Then through the town the hangman came
    and called through the empy streets…my name.
    I looked at the gallows soaring tall
    and thought … there’s no one left at all

    for hanging … and so he called to me
    to help take down the gallows-tree.
    And I went out with right good hope
    to the hangmans tree and the hangmans rope.

    He smiled at me as I came down
    to the courthouse square…through the silent town.
    Supple and stretched in his busy hand,
    was the yellow twist of hempen strand.

    He whistled his tune as he tried the trap
    and it sprang down with a ready snap.
    Then with a smile of awful command,
    He laid his hand upon my hand.

    “You tricked me Hangman.” I shouted then,
    “That your scaffold was built for other men,
    and I’m no henchman of yours.” I cried.
    “You lied to me Hangman, foully lied.”

    Then a twinkle grew in his buckshot eye,
    “Lied to you…tricked you?” He said “Not I…
    for I answered straight and told you true.
    The scaffold was raised for none but you.”

    “For who has served more faithfully?
    With your coward’s hope.” said He,
    “And where are the others that might have stood
    side by your side, in the common good?”

    “Dead!” I answered, and amiably
    “Murdered,” the Hangman corrected me.
    “First the alien … then the Jew.
    I did no more than you let me do.”

    Beneath the beam that blocked the sky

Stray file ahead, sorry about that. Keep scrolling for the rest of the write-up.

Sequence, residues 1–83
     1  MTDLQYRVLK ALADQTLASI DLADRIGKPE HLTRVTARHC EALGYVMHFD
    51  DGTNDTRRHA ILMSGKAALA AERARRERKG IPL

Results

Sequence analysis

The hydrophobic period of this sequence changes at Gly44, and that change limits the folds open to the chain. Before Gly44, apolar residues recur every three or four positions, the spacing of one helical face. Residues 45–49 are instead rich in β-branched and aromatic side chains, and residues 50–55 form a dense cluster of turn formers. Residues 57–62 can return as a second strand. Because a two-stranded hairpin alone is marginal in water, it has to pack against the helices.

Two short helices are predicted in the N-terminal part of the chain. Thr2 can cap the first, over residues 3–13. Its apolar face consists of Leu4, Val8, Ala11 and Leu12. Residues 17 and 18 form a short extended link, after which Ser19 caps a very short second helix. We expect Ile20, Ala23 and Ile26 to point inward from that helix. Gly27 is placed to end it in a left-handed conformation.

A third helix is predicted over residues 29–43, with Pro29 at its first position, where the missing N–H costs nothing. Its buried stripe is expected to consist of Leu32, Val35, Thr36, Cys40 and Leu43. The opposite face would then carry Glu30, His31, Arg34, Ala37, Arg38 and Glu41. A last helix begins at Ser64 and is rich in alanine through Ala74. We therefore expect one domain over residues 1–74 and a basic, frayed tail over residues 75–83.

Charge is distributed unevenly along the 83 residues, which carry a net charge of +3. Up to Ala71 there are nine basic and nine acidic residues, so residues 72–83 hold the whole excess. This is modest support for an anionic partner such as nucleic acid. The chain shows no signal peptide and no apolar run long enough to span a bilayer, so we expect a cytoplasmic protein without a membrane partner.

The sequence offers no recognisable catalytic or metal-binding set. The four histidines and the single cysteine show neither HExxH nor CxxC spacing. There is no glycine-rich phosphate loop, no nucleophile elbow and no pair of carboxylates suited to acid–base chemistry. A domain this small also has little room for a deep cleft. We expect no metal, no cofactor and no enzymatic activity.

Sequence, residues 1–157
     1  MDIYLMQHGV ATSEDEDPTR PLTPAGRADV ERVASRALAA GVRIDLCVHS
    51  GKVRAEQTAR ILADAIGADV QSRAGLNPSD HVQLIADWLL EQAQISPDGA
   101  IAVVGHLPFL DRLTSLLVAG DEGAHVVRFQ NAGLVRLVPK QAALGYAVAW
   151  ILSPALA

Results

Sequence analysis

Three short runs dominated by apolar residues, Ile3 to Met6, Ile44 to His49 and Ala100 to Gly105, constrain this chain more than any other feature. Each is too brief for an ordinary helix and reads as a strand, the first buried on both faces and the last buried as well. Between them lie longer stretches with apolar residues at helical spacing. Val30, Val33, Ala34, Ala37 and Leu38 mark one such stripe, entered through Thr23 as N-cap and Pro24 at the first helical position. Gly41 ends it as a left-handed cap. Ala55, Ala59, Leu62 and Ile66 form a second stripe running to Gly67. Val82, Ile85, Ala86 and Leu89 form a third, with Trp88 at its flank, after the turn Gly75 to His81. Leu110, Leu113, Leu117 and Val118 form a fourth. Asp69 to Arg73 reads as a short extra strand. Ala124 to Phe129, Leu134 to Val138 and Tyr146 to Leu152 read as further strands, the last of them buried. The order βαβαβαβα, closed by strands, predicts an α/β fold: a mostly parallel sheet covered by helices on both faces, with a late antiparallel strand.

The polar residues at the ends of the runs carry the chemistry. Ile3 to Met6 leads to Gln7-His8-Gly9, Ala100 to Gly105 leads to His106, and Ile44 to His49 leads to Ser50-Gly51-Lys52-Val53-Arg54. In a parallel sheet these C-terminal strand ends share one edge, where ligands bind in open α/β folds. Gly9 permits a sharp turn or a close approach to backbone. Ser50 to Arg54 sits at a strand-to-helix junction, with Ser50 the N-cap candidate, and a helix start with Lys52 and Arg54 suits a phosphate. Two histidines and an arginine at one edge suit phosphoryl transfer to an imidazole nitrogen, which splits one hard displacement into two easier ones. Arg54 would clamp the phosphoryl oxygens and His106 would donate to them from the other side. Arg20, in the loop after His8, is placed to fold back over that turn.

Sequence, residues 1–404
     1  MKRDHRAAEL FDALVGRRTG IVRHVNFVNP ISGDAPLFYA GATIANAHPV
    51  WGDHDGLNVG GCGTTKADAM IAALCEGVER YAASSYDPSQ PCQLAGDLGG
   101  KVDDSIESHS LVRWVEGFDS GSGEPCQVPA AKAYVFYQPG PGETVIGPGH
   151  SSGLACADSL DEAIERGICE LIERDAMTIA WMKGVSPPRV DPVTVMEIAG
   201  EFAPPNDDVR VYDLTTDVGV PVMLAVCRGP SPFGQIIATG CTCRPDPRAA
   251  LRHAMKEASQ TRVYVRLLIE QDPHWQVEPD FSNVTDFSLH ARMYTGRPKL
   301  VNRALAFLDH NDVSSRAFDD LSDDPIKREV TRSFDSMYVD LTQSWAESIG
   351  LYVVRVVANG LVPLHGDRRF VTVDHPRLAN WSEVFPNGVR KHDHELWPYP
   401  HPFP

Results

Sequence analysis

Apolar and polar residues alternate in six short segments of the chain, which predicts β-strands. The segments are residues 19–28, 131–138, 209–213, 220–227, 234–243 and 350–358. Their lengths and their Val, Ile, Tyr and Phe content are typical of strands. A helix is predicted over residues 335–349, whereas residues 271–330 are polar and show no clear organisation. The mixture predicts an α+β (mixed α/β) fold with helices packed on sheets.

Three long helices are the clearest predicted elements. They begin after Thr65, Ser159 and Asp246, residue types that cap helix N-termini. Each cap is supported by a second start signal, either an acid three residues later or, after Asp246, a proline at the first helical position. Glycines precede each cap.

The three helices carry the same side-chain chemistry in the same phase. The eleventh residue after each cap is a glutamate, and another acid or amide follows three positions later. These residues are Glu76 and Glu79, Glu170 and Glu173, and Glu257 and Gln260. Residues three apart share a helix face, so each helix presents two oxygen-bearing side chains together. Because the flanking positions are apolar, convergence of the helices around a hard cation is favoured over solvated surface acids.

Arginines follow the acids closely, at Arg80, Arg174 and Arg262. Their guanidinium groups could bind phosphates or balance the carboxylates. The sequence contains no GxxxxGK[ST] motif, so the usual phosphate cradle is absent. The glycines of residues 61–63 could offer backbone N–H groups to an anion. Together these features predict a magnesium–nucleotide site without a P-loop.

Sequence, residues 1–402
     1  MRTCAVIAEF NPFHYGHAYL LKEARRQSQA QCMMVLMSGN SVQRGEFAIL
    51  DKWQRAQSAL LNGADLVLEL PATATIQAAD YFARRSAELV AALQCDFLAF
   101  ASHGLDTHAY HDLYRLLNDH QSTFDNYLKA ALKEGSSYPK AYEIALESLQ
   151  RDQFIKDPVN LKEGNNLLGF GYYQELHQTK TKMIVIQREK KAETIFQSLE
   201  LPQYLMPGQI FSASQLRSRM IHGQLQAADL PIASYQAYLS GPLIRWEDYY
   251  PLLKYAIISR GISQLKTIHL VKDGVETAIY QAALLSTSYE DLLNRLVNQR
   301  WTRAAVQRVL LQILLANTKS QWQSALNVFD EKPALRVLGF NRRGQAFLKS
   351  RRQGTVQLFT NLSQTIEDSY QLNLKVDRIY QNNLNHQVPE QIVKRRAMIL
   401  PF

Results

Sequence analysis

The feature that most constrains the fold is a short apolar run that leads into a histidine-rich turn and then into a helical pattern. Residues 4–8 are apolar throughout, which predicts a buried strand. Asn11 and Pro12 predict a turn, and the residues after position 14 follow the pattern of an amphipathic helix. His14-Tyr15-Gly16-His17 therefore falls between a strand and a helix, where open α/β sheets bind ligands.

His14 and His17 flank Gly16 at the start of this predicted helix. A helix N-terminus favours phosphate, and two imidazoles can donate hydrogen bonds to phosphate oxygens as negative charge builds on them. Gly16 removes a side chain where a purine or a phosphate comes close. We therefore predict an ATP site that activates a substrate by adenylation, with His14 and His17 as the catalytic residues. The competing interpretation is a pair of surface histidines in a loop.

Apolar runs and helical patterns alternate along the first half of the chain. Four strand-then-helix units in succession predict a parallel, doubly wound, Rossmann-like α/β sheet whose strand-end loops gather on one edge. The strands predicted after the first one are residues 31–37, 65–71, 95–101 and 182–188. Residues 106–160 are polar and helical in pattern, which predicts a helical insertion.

none before stood so alone as I.
    The Hangman then strapped me…with no voice there
    to cry “Stay!” … for me in the empty square.

    THE BOTTOM LINE: “…I did no more than you let me do.”

  • Jonathan

    Hello David,

    Please pose this question to Blair next time you see him – WHY NOT RUN FOR THE SENATE? With all this free publicity and an election just around the corner, he should give it a go. Its the best chance of a real nationalist getting into federal Parliament. Dr Jim Saleam has a record and has run for seats in Sydney, Riverina and most recently in Longman, Queensland? So surely there is a way?

    • David Hiscox

      That is a really good point, Jonathan. A seat in the Senate would certainly help break him out of the box the elites are trying to put him in. I will ask him.

      • Jonathan

        The same thing happened to Hanson, all this slander and libel just built One Nation, people looked past the media BS, then they got the 11 seats in Queensland and now Hanson is a senator, though we need someone more effective than Hanson in Parliament.

      • Jonathan

        Not only that, Blair needs to sue the Financial Times for libel and defamation of character by printing that article saying he was defending terrorism charges. Don’t ask for apologies, go for the big money this time, they’ve dug a real hole for themselves with this one. And don’t forget to lodge Press Council complaints, Blair, on the JTA as well. Good luck.

  • Gary Slenders

    I have to credit you and Matt for changing my mind about Blair. Pull away all the garbage that has been piled on him over time and he turns out to be a reasonable guy. No saint by any means but not the mindless thug that the media prefer to portray him as. Sky news as far as I am concerned is almost Schizophrenic in its behaviour. Invite controversial guests on and then go bananas afterwards because the guest is controversial. What is that all about? Bonus is that without even breaking a sweat, Blair Cottrell has managed to destroy the career of Jacinta Allan. Love it! It was a great interview, absolutely brilliantly timed and I for one would be happy to see him on the livestream again.